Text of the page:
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Inside the Extensive Changes at Embers, BLU Crabhouse, and the Addition of Pier 23

If you are in Ocean City this week, you may notice a couple of changes as you drive down Coastal Highway. The speed limit, normally 40 mph through North Ocean City, has been reduced to 30 mph, and Downtown, the speed limit has also been reduced. This is due to the expected, unauthorized H2Oi Pop-Up Rally.  It is reasonable to expect heavier than usual traffic, noise and strict enforcement of vehicle laws during the week and weekend.

The Embers restaurant is the one of the latest Ocean City staples to announce its closure, marking yet another change in the local dining scene. Along with the closure of the Embers, the Taustin Group announced a slew of additional changes for their other properties.

Since the late 1950s, the Embers, which first opened on 9th street before graduating to 24th Street has welcomed residents and tourists alike. In 1985, it became an all-you-can-eat seafood and prime rib buffet, a unique addition to Ocean City.

In the announcement, the Taustin Group noted how the pandemic has had a grave effect on its unique business. After nearly a year, Maryland buffets and family-style restaurants remain under strict Covid-19 guidance, making success for restaurants such as the Embers impossible. Since reopening last spring, the Embers maintained a tableside dining experience.

Despite the unfortunate reality of Covid-19 and its ramifications, the management views the change as a new opportunity for growth. “We were inclined to use this time to create the best possible version of our 24th Street property. We really want to capitalize on the property by providing different activities for everyone at all times of day,” said Kyler Taustin, Director of Marketing. “Since many people do not view buffets as safe options anymore, we are using this opportunity to change things up. Throughout every evolution, we have always tried to meet the needs of the community.”

24th Street Revitalization

24th Street Property. Image courtesy of Delmarva Now.

The loss of the restaurant is surely unfortunate for the town, but thankfully, the property is not going anywhere. In fact, it is only getting bigger. The 24th Street lot will eventually feature additional dining, shops, and entertainment, along with the current BLU Crabhouse and Raw Bar, and Embers Island Miniature Golf. At this time, management cannot reveal the businesses they anticipate will set up shop on 24th Street, but promise an announcement soon.

The Taustin Group promises that the revitalized property will keep people occupied all day long. BLU Crabhouse and Raw Bar will reopen in spring 2021 with a revamped bar and courtyard, and the major renovations will be completed by 2022.

Pier 23 Opens This Spring

Although the Embers restaurant was quite unique, Pier 23, also owned by the Taustin Group, might just have it beat in its creative style. As the first waterfront container food port in Ocean City, the concept behind Pier 23 is unlike anything ever seen before.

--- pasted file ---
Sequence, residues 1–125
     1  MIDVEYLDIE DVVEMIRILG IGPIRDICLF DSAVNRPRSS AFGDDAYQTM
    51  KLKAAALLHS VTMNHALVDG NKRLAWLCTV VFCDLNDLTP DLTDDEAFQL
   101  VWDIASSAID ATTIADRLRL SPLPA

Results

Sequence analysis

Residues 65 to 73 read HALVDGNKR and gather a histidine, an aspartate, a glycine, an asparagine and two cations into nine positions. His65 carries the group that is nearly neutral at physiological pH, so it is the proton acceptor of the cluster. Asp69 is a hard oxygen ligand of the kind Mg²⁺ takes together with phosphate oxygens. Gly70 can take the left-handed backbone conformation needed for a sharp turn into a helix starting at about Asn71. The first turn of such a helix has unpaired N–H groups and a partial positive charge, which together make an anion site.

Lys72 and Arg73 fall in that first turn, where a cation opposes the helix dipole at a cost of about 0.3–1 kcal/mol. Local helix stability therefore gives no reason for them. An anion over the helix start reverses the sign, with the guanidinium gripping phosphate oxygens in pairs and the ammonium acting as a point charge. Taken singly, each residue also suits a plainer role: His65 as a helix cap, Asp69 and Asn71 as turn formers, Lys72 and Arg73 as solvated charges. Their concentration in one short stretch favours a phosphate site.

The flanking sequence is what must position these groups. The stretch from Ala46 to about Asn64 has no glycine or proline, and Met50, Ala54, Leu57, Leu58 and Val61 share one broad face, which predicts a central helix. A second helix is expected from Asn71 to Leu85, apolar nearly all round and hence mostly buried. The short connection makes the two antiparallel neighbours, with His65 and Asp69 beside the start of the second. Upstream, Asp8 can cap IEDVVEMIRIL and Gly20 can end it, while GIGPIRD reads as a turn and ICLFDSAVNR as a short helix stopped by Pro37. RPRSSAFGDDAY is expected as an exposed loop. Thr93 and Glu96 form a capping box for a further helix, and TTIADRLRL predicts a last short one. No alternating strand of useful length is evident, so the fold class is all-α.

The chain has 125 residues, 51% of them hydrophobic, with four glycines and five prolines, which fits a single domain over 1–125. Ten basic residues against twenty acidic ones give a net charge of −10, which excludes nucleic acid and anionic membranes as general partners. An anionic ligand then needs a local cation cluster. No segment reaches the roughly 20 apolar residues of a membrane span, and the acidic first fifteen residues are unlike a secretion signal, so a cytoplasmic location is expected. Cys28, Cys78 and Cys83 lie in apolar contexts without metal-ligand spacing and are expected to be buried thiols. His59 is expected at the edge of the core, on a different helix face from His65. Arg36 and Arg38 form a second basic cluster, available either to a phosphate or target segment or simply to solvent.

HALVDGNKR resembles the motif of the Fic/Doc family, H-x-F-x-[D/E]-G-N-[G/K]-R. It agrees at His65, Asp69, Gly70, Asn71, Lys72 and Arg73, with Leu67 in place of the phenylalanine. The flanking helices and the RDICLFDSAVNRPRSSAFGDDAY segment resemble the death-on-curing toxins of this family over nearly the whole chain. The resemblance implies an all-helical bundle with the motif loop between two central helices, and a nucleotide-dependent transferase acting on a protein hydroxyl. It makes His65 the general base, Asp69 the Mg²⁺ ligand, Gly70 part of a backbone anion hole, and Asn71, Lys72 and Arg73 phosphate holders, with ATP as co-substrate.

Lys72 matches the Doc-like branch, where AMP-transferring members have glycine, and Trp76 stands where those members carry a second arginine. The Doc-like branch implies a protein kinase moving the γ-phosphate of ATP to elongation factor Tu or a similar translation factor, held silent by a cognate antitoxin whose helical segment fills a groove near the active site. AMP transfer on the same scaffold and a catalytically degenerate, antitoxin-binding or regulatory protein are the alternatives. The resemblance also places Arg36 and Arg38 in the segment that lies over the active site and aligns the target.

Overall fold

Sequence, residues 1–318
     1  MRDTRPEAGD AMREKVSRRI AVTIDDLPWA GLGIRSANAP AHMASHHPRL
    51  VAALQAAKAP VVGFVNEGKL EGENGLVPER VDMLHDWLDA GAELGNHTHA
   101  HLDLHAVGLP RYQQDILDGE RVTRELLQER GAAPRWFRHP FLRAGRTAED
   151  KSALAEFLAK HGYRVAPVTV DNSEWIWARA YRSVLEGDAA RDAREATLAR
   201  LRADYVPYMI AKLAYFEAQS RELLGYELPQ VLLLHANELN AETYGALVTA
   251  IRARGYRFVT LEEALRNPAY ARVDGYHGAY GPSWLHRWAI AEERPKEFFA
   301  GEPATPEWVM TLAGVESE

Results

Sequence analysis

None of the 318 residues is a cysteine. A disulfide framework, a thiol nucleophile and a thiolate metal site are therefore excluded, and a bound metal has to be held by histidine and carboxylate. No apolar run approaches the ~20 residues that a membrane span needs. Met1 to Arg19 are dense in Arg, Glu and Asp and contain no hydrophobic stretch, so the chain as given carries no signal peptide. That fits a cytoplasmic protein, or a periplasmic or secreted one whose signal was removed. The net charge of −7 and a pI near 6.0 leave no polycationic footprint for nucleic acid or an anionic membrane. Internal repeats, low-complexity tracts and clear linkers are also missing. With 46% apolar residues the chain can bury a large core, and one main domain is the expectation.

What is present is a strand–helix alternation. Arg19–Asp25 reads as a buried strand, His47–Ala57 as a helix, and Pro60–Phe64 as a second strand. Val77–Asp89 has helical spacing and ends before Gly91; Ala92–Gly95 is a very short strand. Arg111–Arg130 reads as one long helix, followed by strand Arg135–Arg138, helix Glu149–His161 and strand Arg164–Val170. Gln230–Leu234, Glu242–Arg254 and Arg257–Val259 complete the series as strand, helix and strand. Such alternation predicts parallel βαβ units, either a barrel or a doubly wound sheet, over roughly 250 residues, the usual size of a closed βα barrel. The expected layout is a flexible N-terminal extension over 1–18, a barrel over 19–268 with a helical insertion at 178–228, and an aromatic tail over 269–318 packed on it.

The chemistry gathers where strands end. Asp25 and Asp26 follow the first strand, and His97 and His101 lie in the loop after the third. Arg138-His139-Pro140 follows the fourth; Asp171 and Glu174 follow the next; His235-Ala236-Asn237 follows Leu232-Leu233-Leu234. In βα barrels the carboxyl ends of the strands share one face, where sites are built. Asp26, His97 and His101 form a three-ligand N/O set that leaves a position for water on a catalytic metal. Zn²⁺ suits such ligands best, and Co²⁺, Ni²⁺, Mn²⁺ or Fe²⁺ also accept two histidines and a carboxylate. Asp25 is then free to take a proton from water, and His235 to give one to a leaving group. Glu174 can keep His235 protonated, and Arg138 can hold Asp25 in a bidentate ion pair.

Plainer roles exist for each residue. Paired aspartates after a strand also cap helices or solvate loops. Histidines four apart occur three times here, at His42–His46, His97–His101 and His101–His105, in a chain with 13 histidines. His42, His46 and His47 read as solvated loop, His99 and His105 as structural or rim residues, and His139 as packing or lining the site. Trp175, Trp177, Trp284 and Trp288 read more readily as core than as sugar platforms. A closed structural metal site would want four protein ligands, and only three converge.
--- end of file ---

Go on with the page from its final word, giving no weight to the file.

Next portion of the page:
The new outdoor experience will include three different real containers, previously used for shipping freight, each offering varied foods. Nearly the entire restaurant is made of reused cargo containers. From burgers and tacos to ice cream and an extensive bar, Pier 23 will have it all. Another container will feature live bands and entertainment.

The container dining trend has grown in beach towns across the nation over the past few years, yet the Taustin Group believes it is even more important in the post-Covid world. “Pier 23 is built off the innovation that has come from the restaurant industry, especially after the pandemic. Covid-19 has taught us to assess how often you want servers at your table and how much risk you want to take,” said Kyler Taustin. “We are ready to streamline the dining experience and make sure that you are still getting everything you want, but on your own terms.”

A waterfront container food port at Sparkman Wharf in Tampa, Florida. Image courtesy of 83 Degrees.

Better yet, Pier 23 will collaborate with the OC Bayhopper, offering a water transportation experience for diners.

Construction on Pier 23 began earlier this month. The restaurant will sit on the lot previously occupied by the Taustin Group’s Mad Fish Bar and Grill at the west end of the Commercial Fishing Harbor in West Ocean City. Mad Fish Bar and Grill, which only opened in 2018, closed in August 2019 after a three-alarm fire engulfed the entire building in flames. After two very challenging years, the Taustin Group is optimistic about these changes and their future.

Stay Tuned!

For continued updates about the Taustin Group’s ventures and the status of BLU Crabhouse and Raw Bar, along with Pier 23, visit their Facebook page or website.

Both BLU and Pier 23 are seeking Sous Chefs, Station Leads, and Line Cooks. To apply, visit BLUCrabhouse.com or send an email to mike@embers.com.

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